The trouble with tech stocks

tech, Nasdaq, investing, Apple, Google By Paul R. La Monica, assistant managing editor


NEW YORK (CNNMoney) -- Sure, it's still early in the first quarter earnings "season." But so far, tech stocks are not living up to their potential.

Google's (GOOG, Fortune 500) earnings missed expectations by a few pennies per share last week, and the stock plunged 8%.

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Chip leader Texas Instruments (TXN, Fortune 500) disappointed after the closing bell Monday. Profits were below forecasts as the Japan earthquake took its toll on TI factories there. Guidance for the second quarter wasn't too inspiring either.

And hard drive maker Seagate (STX) reported a bigger-than-expected drop in quarterly profits Tuesday morning. Both stocks fell Tuesday.

There's even a growing sense of ennui about Apple (AAPL, Fortune 500). The iEverything maker is expected to report spectacular results after the bell Wednesday. Analysts are forecasting a more than 60% jump in earnings per share and a nearly 75% increase in sales.

If history is any guide, Apple will probably blow away those estimates by a wide margin. Yet, shares of Apple are down 4% since the start of April.

What gives? As is often the case with tech, the group may be simply suffering from high expectations.

Google, for example, can only be considered a letdown in a relative sense. Net income was up 17% from last year. Sales surged 27%.

"With Google, it's hard to find fault with their revenue growth. It was just expenses ramping up and hurting earnings," said John Lutz, senior research analyst with Frost Investment Advisors in San Antonio. "That might not wind up being the case with many other tech companies."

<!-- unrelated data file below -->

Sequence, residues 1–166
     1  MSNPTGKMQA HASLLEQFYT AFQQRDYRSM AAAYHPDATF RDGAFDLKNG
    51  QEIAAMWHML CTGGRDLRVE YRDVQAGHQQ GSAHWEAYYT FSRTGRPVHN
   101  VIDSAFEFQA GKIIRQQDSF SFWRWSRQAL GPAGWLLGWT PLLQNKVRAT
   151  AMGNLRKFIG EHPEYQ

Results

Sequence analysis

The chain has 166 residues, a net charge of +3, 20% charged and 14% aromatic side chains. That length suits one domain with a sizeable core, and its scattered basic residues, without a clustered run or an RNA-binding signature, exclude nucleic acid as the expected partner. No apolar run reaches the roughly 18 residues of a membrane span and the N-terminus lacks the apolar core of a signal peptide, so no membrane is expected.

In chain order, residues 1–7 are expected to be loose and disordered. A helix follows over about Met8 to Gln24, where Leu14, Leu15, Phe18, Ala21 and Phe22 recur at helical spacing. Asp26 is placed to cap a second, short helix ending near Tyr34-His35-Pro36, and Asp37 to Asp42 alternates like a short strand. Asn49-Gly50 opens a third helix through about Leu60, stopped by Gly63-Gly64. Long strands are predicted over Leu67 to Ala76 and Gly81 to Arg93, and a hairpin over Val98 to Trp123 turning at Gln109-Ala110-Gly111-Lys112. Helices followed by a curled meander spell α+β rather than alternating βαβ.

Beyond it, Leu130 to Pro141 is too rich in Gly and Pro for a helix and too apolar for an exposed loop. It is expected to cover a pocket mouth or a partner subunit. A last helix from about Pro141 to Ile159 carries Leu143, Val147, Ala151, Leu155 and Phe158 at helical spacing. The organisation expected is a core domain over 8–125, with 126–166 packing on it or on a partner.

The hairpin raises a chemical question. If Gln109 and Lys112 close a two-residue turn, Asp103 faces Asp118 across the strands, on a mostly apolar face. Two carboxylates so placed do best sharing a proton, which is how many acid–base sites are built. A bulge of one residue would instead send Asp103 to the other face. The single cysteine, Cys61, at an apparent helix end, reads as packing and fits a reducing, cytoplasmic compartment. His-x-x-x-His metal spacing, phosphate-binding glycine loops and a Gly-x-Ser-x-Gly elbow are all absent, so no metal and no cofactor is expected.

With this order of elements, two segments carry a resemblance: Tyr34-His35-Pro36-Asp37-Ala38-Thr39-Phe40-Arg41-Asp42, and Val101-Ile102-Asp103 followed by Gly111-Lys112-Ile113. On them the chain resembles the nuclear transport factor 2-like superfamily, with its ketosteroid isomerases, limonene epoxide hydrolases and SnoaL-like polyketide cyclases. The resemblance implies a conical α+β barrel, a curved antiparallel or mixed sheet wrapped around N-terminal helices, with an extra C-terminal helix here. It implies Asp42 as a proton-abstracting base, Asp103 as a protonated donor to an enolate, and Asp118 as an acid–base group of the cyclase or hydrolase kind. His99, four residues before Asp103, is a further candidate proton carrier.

Lutz said his firm owns stakes in Google, software giant Oracle and wireless chip leader Qualcomm.

So let's not start playing a funeral dirge for Google -- or the entire sector -- just yet.

According to data from FactSet Research, analysts are expecting year-over-year revenue growth of 12% for the tech sector in the first quarter. The only two sectors that are predicted to post higher growth rates are energy and materials.

Investors got a better sense of how tech did in the first quarter (and more importantly how it may perform for the rest of the year) when a trio of top techs reported after the bell Tuesday.

Dow components Intel and IBM (IBM, Fortune 500) released their results, as did struggling online media firm Yahoo.

Yahoo (YHOO, Fortune 500), a company that has confounded investors by somehow remaining a turnaround story for more than five years, reported yet another drop in sales and profits from a year ago. But the stock rose after hours as sales guidance was in line with forecasts.

But Intel (INTC, Fortune 500), despite concerns about sluggish demand for personal computers as tablets eat into PC sales, reported profits and sales that topped forecasts. The chip leader also issued a healthy sales outlook for the second quarter.

Big Blue, thanks to a weak dollar and a diversified mix of tech businesses, reported solid sales and earnings gains. It also lifted guidance for 2011.

So despite some hiccups, tech earnings are still likely to be fairly strong. Investors should also not lose sight of the fact that merger activity in tech has picked up, and that this trend is likely to continue.

In just the past few weeks, TI announced it was buying chip rival National Semiconductor (NSM) while eBay (EBAY, Fortune 500) agreed to scoop up GSI Commerce (GSIC). Both deals were done with hefty takeover premiums.

Finally, most of the larger techs are trading at incredibly reasonable valuations.

Intel trades for less than 10 times 2011 earnings estimates while IBM is valued at only 12.5 times 2011 earnings estimates. Apple and Google both trade at P/E ratios of about 15.

If there's a tech bubble anywhere, it's with private hotshots Facebook and Groupon and smaller public dot-comes like Netflix (NFLX) and OpenTable (OPEN). The megacap techs look like screaming bargains by comparison.

-- The opinions expressed in this commentary are solely those of Paul R. La Monica. Other than Time Warner, the parent of CNNMoney, and Abbott Laboratories, La Monica does not own positions in any individual stocks.  To top of page

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